Musharraf moved from house arrest to police custody
Ex-miliary ruler initially put under house arrest after his detention on charges stemming from the sacking of judges when he was in power
Agence France-Presse in Islamabad
Pakistan's former military ruler Pervez Musharraf was moved into police custody after being arrested yesterday, an unprecedented move against a former army chief of staff ahead of key elections.
A magistrate ordered him under house arrest for two days, but hours later he was moved to police headquarters over the sacking of senior judges while he was in power, a humiliation for a man who was preparing to stand for election next month.
It is the first arrest of any former chief of the Pakistani army, considered the most powerful institution in the nuclear-armed country, which has been ruled for around half its 66-year existence by the military.
One day after an Islamabad court ordered his arrest, the 69-year-old yesterday surrendered to a magistrate, who designated his home a sub-jail and told him to reappear before an anti-terrorism court in two days time.
Live TV footage showed Musharraf arriving at court dressed in a shalwar kameez and waistcoat, flanked by police.
Upon his return home to the smart Chak Shahzad suburb, Musharraf took to Facebook to say he would fight the charges.
"These allegations are politically motivated and I will fight them in the trial court, where the truth will eventually prevail," he said in a statement. But in the afternoon, he was moved by police from his fortified villa to Islamabad police headquarters.
There were conflicting reports about when or whether he would return home, with some supporters suggesting he may stay in police custody until he next appears before an anti-terrorism court in two days' time.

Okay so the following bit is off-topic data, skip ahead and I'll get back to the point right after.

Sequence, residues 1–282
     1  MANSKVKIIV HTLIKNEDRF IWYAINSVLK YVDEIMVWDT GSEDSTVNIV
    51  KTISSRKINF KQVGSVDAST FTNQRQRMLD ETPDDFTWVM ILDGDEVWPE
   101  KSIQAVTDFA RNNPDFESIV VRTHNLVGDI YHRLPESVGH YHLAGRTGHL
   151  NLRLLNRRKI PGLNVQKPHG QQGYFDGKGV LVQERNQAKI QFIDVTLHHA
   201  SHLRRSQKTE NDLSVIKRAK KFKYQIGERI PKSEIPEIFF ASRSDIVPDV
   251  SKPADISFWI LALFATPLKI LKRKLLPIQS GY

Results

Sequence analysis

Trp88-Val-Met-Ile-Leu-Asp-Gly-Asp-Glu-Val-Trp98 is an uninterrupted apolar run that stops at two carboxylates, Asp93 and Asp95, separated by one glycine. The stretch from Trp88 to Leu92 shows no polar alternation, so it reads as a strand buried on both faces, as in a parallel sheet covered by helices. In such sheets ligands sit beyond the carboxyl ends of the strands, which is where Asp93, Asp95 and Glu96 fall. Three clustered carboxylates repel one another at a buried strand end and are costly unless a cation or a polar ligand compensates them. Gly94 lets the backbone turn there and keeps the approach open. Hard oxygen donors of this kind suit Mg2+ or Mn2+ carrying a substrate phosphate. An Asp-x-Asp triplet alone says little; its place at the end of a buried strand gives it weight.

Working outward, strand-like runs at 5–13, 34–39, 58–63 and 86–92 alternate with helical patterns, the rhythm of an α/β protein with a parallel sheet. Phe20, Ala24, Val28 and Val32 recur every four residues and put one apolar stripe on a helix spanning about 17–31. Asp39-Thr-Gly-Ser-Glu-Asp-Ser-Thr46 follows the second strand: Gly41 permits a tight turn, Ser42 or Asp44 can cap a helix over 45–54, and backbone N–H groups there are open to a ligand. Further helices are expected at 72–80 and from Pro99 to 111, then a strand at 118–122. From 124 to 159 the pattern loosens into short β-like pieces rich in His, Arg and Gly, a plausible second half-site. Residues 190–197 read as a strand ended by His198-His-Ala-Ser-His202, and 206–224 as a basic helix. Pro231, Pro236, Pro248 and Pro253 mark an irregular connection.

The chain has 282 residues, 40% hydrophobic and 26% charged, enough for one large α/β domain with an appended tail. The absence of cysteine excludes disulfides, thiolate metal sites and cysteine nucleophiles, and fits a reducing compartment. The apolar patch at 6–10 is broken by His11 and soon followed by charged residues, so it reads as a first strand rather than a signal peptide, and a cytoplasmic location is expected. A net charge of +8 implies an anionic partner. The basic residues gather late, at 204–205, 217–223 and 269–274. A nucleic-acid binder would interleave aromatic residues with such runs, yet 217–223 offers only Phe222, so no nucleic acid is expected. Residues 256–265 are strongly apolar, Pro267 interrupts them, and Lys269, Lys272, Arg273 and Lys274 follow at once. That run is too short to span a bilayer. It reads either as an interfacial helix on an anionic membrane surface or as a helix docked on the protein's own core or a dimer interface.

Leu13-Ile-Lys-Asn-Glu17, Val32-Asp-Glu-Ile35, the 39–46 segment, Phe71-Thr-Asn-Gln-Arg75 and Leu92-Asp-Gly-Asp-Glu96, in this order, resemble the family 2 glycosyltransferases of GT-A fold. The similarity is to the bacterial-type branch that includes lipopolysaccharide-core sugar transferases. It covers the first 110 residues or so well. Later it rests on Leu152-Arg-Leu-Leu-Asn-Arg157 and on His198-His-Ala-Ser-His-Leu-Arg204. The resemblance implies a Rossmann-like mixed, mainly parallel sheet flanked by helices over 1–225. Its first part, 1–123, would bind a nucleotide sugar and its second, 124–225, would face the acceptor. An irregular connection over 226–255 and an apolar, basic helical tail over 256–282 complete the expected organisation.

"General Musharraf has been shifted to police headquarters for investigation," a senior police official said, refusing to provide any further details.
A spokesman for Musharraf's All Pakistan Muslim League (APML) initially said he had been put on a two-day remand at home, but said later that the general could stay in the police headquarters until his next hearing.
The arrest order relates to Musharraf's decision to sack judges when he imposed emergency rule in November 2007, a move that hastened his downfall.
Despite various promises to appeal, Musharraf's legal team said no judges were available to hear their requests and voiced fears that bail may not even be sought on the grounds that it could be turned down.
Commentators say it is clear that Musharraf is finished politically. On Tuesday he was disqualified from contesting the elections, to mark the first democratic transition of power after a civilian government completes a full-term in office.
His case also presents complications for the army chief, General Ashfaq Kayani, who may have to decide whether to intervene to protect Musharraf, sparking a new conflict with the judiciary, or watch him be prosecuted. If Musharraf is sent to prison, it would be the first time an army chief has been put behind bars in the country's 65-year history.
Political analyst Hasan Askari warned that any arrest or trial risked overshadowing the elections, set to mark the first democratic transition of power after a civilian government has completed a full term.
"The judiciary is overdoing it. It should show some restraint. It can grant bail now and take up the case after the election, which should be our primary objective," he said.
Musharraf's supporters say the arrest order was nothing more than a settling of scores.
Additional reporting by Associated Press